The state is being asked to take a comprehensive look at how the retail gas market works in New Jersey and whether the current regulatory structure can be improved to make it more competitive and lower costs to customers.
The request is being submitted by independent gas companies that are frustrated with the state of the competitive retail energy market in New Jersey, which they view as stagnating nearly two decades after the state broke up gas and electric monopolies.
In a filing to the New Jersey Board of Public Utilities, the state arm of the Retail Energy Supply Association, an industry trade group, is seeking a proceeding it hopes leads to some fundamental changes in the way gas supply is handled by the four gas distribution utilities.
A review of the New Jersey gas retail market is long overdue, according to the association. The market has changed significantly since 2003, the last time the state agency visited how gas supply is handled.
“There is a lot that has changed,’’ said Murray Bevan, an attorney representing RESA. Prices are lower, there has been an expansion of natural gas pipelines, and vast new supplies have been tapped in the Marcellus Shale formations in Pennsylvania and elsewhere.
“It’s been a seismic shift in how the gas markets operate,’’ agreed Robert Gibbs, chair of New Jersey RESA and director of corporate and regulatory affairs for Direct Energy. “Fourteen years is a long time for a market that has changed a lot.’’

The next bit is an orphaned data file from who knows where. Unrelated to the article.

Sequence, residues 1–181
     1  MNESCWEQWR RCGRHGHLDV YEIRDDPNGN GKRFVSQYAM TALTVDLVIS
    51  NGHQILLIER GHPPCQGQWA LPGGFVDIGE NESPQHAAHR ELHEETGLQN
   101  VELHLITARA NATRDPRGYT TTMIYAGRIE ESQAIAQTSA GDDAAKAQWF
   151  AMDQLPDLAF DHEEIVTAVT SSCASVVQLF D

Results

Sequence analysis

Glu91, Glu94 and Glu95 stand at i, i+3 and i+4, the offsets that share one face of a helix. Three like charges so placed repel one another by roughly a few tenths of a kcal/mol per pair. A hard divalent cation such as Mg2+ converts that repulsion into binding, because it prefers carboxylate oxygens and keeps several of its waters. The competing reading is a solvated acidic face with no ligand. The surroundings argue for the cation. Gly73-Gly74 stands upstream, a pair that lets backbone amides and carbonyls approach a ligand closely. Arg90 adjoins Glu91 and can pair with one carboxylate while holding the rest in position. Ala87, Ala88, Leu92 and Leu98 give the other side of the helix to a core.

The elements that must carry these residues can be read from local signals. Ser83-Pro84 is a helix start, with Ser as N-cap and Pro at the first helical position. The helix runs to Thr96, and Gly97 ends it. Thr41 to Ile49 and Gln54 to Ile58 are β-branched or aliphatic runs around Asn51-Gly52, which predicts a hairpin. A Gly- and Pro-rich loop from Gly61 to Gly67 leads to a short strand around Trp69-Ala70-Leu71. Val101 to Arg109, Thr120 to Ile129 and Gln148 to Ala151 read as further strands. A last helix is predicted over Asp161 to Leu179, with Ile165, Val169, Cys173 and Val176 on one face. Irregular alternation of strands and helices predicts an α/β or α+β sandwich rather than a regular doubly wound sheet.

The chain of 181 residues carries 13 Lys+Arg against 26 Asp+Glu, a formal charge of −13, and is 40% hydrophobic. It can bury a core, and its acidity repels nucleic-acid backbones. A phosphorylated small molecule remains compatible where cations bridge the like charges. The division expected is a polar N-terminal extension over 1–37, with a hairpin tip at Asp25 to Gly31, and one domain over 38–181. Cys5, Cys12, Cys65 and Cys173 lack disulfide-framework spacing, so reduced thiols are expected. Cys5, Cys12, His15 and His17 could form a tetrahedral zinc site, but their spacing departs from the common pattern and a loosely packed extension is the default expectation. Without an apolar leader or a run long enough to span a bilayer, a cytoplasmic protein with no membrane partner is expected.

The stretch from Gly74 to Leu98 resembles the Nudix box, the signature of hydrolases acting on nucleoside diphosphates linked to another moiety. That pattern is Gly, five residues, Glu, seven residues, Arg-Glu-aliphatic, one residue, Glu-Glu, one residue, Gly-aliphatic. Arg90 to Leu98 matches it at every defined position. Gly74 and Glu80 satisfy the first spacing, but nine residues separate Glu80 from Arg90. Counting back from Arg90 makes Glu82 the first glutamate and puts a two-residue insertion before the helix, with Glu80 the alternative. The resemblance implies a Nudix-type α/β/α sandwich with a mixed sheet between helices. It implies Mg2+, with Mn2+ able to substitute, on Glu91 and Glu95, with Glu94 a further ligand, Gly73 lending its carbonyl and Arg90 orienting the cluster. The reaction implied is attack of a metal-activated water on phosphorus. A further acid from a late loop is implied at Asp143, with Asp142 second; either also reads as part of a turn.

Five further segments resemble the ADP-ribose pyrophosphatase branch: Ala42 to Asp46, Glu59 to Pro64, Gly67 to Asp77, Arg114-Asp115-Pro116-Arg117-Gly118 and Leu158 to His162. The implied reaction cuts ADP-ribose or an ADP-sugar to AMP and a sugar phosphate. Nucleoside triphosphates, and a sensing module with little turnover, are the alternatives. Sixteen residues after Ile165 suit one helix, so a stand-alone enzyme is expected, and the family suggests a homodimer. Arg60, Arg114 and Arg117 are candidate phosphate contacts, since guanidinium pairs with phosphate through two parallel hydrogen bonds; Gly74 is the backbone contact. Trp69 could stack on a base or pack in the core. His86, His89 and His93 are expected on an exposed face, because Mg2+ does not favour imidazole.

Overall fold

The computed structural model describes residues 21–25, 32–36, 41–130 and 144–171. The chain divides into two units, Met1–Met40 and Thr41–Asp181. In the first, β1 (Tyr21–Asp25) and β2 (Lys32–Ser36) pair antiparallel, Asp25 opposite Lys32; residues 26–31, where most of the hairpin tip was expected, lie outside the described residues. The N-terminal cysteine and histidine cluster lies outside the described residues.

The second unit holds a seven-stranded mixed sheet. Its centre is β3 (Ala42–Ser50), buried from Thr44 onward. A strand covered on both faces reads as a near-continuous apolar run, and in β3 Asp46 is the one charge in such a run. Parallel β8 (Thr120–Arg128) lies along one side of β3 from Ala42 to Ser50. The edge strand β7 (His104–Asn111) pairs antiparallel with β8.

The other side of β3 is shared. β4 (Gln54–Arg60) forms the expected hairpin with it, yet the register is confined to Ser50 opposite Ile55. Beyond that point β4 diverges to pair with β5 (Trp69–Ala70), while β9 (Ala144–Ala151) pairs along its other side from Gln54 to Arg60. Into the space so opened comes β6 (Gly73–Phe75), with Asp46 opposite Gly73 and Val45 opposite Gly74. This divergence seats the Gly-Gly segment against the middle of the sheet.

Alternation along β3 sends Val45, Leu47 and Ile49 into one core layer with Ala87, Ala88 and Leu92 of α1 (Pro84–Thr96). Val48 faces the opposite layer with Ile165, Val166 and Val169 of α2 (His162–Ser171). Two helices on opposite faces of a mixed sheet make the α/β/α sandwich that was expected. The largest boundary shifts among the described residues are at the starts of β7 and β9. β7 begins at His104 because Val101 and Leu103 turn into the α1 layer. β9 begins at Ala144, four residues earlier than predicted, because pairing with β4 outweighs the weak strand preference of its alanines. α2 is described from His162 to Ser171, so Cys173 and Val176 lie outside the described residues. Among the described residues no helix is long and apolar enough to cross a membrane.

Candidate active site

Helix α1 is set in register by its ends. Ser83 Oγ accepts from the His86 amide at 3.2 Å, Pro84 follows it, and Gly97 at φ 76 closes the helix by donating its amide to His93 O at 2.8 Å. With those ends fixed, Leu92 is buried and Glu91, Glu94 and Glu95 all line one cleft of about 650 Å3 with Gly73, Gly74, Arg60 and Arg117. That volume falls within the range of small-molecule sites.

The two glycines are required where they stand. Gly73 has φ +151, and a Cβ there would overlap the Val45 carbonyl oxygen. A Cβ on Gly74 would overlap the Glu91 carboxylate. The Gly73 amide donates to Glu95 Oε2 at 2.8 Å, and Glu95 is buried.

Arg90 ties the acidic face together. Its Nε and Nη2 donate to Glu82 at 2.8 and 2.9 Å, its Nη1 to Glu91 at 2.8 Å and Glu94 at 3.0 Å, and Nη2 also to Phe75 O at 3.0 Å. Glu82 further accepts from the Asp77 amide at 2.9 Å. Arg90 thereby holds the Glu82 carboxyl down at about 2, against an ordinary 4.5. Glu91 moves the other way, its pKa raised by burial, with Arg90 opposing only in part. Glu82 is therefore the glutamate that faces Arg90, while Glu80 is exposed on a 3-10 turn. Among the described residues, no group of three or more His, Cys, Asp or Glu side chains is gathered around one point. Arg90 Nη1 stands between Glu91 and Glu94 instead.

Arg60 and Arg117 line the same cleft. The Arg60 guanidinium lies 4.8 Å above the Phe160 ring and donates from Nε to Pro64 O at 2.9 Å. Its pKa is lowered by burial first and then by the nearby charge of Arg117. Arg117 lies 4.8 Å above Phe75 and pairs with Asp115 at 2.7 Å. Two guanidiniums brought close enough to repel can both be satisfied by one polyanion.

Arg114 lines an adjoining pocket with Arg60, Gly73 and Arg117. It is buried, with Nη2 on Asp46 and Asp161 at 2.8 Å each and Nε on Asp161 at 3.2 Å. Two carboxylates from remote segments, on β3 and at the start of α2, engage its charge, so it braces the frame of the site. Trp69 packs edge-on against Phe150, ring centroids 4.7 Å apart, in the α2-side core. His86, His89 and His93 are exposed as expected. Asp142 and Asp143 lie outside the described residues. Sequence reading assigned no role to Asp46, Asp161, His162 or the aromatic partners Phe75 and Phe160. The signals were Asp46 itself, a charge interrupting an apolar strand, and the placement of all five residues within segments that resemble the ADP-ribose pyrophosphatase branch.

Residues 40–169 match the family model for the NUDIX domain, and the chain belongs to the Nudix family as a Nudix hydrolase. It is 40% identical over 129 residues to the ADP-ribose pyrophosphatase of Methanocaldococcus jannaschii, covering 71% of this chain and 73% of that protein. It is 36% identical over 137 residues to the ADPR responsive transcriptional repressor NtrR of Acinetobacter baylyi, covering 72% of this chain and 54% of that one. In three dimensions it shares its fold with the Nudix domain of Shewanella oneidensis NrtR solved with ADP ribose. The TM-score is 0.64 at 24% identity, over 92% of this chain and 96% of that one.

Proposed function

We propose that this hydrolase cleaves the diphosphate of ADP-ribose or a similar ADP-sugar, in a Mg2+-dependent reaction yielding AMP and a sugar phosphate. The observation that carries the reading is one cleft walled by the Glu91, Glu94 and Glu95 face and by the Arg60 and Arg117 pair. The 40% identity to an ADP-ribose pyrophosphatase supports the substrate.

Yet the market is not as robust as it could be. In its filing, only about 5 percent of residential customers have switched to so-called third-party suppliers from their utilities, and only 21 percent of commercial and industrial customers have done so, according to data from the BPU this past summer.
“The retail gas market in New Jersey, despite undergoing restructuring prior to the electric retail market (for commercial and industrial customers), is simply stagnating,’’ the association said in its filing.
Public Service Electric & Gas, the state's largest gas utility, defended the current system while noting gas bills are half of what they were in 2009, with the existing gas-supply process working to benefit customers.
The utility argued there is a robust market with many players over many years, according to a PSE&G spokeswoman. There are roughly 75 gas suppliers operating in PSE&G's system, she said.
A major focus of the issues raised by the group revolves around “capacity release’’ programs, which allow the resale of unwanted capacity on interstate pipelines between utilities and third-party suppliers.
Essentially, third-party suppliers contend the current program is outdated and underutilized, leading to increased costs for the companies that are passed on to customers. It forces third-party suppliers to pay more for gas capacity than the utilities, impeding the development of competitive markets, the association said.
With the proper changes in the gas capacity-release programs, not only would residential customers benefit, but also the utilities, according to the association.
The association also is asking the board to revisit its practice of allowing utilities to accrue credits to customers totaling in the “millions or hundreds of millions of dollars per heating season.’’ The credits pile up when natural gas prices fall below what the utilities projected in June when they file their winter heating-season-tariffs.
The utilities do not make a profit on the gas they purchase for their customers with earnings derived from the fuel they deliver to homes or businesses.
The board has not yet acted on the association’s filing.